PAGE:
In Pubmed, there is a research work done by Somasundaram [2]. It has conducted an in order to find out trauma and risk factors, traumatic reactions depend on the cultural factors in a certain situation. A family is a place where the Asian culture highly relies upon during the process of the traumatic event. In the real situation, a trauma does not merely effect on an individual but family, community, and society. This research was conducted based on the research method which is significant the participant observation. The study is based on the Tamil population an ethnic group of Sri Lanka. Tamil population is a war-affected population. Northern Province was affected in Sri Lanka from Tsunami and Civil war for 30 years. Psychosocial and community mental health programmed among the Tamil community revealed after the fundamental changes functioning of the family and the community were observed. It was found that while the changes after the tsunami were not so prominent, in contrast, the chronic war situation caused more fundamental social transformations. Considering the family level, the single parents’ family dynamics of single parents’ families, some reductions of trust among members, and changes in significant relationships, and lack of trust among members, and some changes in significant relationships, and their child rearing practices emerged. Communities tended to be more dependent, passive, silent, some reductions of child rearing practices were seen. This affected population show no leadership capacities. Mistrustful and suspiciousness as significant factors of the affected Tamil population. Additional adverse effects included the breakdown in traditional structures, institutions and familiar ways of life, and deterioration in social norms and ethics. A variety of community level interventions were tried.

Traumatic events can emerge in the context of all over the world. It is a universal factor due to the world keeps changing and problems become more common factors than earlier. In the Journal Torture, there is an article related to the Traumatic risk factors among college students. This study was investigated the prevalence rate of traumatic events and posttraumatic symptoms among students in Poland. Data has collected with 475 students. This research which done by Lis-Turlejska [3] is significant in the context of traumatic stress and it has conducted with the university student population in a European country. Lis-Turlejska [3] described the prevalence of traumatic events and posttraumatic symptoms among university level students in Poland. The study was conducted with 475 students (69% women, 30% men, M = 22.90 years). The results of the study indicated that a majority of the sample had experienced traumatic events, with 75.6% having experienced at least one potentially traumatic event.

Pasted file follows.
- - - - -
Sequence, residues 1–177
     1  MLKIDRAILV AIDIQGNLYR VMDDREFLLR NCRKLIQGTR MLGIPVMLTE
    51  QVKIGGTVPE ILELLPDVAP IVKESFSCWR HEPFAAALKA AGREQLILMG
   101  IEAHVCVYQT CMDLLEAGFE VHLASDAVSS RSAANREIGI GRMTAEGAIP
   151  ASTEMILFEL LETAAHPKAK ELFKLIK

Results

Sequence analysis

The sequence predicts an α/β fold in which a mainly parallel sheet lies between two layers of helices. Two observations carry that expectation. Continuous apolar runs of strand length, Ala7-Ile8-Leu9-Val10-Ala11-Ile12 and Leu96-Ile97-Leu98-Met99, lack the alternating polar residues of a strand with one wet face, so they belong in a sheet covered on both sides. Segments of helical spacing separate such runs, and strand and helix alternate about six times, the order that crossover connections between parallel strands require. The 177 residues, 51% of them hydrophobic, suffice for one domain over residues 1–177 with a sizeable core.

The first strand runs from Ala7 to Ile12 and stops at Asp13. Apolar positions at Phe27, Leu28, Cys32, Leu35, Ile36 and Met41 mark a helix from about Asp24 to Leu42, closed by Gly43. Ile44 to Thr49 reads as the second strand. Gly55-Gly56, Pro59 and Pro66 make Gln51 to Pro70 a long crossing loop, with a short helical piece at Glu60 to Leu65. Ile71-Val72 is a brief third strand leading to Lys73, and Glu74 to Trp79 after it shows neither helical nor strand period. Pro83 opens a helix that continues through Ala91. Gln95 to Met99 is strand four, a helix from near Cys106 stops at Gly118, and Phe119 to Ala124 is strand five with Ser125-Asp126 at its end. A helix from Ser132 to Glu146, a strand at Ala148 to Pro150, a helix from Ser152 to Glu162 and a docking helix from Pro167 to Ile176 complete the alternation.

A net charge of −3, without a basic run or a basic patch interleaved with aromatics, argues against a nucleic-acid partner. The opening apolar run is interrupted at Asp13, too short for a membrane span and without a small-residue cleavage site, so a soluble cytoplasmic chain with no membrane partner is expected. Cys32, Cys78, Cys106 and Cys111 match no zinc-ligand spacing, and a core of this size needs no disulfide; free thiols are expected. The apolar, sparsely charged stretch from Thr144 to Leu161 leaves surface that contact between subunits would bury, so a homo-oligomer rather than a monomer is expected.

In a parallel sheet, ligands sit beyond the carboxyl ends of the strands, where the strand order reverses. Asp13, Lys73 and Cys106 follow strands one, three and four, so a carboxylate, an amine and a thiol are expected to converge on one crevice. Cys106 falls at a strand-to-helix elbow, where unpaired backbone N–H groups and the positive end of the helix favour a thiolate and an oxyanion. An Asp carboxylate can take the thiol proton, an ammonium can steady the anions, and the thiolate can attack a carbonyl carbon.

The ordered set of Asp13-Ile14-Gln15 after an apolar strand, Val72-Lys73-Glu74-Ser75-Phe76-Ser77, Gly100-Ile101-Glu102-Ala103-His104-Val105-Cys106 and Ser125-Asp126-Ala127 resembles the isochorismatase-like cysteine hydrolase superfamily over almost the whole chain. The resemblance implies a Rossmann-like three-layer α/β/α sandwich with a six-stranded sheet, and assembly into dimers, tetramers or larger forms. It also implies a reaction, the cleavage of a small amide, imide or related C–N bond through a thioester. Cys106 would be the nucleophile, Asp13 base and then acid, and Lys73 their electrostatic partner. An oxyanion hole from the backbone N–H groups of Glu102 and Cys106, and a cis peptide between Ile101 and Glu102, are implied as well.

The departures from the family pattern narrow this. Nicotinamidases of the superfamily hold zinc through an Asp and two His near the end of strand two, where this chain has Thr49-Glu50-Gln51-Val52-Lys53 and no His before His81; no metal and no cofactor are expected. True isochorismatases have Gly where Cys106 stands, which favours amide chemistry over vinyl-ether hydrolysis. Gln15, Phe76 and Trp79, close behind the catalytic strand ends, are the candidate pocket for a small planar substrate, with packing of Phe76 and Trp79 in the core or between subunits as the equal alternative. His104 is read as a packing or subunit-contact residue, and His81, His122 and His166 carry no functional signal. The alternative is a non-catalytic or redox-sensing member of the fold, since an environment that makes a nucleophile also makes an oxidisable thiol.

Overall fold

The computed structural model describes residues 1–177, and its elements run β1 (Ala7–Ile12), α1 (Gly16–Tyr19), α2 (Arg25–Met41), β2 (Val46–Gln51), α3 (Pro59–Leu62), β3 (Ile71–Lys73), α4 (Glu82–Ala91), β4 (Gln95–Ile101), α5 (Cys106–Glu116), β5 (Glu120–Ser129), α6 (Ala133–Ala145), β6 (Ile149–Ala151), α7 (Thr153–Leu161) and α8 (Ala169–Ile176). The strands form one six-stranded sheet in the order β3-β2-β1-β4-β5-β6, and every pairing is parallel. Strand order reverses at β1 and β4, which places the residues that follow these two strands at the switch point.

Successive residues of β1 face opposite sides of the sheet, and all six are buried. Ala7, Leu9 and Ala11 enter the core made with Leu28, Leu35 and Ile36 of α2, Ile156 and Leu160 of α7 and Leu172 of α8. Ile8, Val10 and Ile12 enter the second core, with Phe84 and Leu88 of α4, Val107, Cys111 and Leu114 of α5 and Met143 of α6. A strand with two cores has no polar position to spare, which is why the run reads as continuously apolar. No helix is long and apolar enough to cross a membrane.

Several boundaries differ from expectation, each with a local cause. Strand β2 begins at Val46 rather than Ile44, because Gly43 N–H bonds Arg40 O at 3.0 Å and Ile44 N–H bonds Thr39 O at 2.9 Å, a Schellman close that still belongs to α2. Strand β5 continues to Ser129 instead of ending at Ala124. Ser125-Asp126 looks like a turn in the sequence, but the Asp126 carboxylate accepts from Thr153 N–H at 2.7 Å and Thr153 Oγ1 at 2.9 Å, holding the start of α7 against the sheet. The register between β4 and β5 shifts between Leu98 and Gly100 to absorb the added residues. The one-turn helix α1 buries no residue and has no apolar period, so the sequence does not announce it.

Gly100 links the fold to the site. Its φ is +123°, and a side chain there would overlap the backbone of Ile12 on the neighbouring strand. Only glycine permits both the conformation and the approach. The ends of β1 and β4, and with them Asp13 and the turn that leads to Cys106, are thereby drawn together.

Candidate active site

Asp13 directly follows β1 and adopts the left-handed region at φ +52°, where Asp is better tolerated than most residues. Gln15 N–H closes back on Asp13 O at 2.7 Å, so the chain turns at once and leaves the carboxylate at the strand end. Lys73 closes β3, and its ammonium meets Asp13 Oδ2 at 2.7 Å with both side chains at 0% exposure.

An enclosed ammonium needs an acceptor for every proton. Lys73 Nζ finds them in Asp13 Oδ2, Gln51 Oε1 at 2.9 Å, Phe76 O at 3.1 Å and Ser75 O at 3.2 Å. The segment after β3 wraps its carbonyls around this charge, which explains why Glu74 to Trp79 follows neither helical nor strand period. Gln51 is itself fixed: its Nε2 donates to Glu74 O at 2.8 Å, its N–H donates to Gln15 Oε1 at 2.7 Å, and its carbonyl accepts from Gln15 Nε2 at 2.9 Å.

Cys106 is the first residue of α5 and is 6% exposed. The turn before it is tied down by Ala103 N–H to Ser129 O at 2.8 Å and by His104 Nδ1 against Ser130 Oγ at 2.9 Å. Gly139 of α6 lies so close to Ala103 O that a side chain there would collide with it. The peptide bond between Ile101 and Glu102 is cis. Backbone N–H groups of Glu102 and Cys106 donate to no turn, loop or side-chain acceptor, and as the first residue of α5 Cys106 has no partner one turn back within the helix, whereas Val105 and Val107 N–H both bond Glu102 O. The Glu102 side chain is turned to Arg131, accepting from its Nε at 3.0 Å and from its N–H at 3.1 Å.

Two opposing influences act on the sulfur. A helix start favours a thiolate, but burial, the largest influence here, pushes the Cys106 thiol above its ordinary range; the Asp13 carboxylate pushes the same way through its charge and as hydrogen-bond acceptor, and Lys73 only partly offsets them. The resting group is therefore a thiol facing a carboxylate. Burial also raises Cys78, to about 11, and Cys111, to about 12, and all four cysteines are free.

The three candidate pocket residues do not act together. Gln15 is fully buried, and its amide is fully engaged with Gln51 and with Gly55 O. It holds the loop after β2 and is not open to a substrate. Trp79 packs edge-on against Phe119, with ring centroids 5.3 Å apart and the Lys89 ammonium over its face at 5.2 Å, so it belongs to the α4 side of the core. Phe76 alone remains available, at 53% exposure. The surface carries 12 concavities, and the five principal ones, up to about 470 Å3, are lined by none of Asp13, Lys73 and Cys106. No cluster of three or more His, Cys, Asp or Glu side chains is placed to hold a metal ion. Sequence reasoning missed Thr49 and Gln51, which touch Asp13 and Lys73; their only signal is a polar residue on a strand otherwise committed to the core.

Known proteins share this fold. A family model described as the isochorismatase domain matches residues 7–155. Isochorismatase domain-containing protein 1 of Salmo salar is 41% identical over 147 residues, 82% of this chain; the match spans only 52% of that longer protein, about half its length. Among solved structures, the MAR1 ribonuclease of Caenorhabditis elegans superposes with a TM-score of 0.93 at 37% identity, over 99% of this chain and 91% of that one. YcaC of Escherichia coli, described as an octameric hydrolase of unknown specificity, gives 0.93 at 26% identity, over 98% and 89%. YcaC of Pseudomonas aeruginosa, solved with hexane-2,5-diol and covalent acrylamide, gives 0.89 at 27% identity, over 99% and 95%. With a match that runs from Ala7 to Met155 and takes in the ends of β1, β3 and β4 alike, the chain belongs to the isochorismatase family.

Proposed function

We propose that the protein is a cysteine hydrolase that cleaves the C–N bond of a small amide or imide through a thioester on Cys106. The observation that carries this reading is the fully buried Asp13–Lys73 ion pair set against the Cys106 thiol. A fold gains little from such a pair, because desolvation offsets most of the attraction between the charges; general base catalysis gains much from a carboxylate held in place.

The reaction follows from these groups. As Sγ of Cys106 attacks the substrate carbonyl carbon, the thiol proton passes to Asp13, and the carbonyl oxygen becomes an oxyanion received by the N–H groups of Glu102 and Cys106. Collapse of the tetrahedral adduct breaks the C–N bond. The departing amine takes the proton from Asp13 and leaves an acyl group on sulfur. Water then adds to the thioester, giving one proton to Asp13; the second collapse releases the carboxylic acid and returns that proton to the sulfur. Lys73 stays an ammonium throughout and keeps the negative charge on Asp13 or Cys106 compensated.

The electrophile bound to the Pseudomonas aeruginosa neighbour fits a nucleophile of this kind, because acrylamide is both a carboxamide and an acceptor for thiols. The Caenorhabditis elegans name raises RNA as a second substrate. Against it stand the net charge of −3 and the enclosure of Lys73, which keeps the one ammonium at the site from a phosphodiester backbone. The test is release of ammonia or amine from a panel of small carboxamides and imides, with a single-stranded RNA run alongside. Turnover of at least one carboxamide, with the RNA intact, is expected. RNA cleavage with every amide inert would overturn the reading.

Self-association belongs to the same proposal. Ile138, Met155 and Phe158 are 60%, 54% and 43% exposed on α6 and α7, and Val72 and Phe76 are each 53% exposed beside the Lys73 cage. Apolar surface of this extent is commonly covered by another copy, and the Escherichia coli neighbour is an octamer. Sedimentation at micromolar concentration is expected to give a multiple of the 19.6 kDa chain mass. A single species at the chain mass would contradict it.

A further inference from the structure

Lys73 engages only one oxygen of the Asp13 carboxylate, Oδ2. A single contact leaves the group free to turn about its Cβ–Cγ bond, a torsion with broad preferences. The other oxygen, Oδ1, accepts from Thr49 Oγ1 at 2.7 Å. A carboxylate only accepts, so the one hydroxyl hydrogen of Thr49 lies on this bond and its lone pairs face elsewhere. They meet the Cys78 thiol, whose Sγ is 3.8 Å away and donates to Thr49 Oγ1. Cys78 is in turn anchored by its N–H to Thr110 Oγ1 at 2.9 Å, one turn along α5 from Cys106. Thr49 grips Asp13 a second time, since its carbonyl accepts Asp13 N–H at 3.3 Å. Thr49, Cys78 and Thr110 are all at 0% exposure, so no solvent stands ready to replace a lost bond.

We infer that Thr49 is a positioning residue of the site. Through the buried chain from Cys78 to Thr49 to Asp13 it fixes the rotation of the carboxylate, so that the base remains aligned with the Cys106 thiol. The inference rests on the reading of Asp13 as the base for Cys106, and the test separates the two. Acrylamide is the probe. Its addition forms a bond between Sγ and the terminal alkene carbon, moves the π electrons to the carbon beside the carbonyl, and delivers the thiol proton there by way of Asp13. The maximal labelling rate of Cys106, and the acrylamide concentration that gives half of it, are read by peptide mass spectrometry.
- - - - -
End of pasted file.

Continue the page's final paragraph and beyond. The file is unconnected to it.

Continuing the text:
Agaibi and Wilson [4] in Trauma, violence, and abuse journal explain the trauma in terms of disaster, mass violence and trauma are topic which similar by their means. Nevertheless, the influence of these events and the reactions and results are differing person to person and region to region. In general, Trauma can be defined as stressful events that present extra ordinary challenges to coping and adaptation. Trauma and Psychological impact of trauma is an upcoming theme in the modern world. A vulnerability with Trauma develops PTSD (Post Traumatic Stress Disorder). Not only Vulnerability but also resilience capacity of the individual also influenced upon if the person catches PTSD afterwards the Trauma. PTSD symptoms following traumatic stressors can be a result of personal vulnerability or types of pre- traumatic vulnerability (e.g., prior stressors, trauma and Psychological disorders).

According to the research article done by Salazar et al. [5] in Springer Verlag rely upon the foster care population in order to find out the traumatic experiences within the sample they used. Youth in foster care represent a highly traumatized population. However, trauma research on this population has focused primarily on maltreatment rather than the full spectrum of trauma experiences identified within the DSM-IV. Their study aims to fill this gap by reporting the prevalence of exposure to specific types of traumatic events for a large sample of youth with the foster care experience. The study also reports the likelihood of lifetime PTSD diagnoses associated with each specific type of trauma. Data were collected through longitudinal panel study of 732 adolescents aged 17 and 18 who were in foster care. Lifetime trauma exposure and PTSD diagnosis were assessed using the Composite International Diagnostic Interview. Statistical comparisons have made using logistic regressions. The majority of respondents had experienced at least one trauma in their lifetime. While overall trauma prevalence did not differ by gender, males were more likely to experience interpersonal violence and environmental trauma, while females were more likely to experience sexual trauma. Caucasian participants reported higher rates of trauma exposure than African-American participants did. The types of trauma associated with the highest probability of a lifetime PTSD diagnosis were rape, being tortured or a victim of terrorists, and molestation. They concluded their study stating that youth in foster care is a highly traumatized population and meet diagnostic criteria for PTSD at higher rates than general youth populations. The ongoing impact of trauma may be particularly problematic for these young people given their abrupt transition to independence.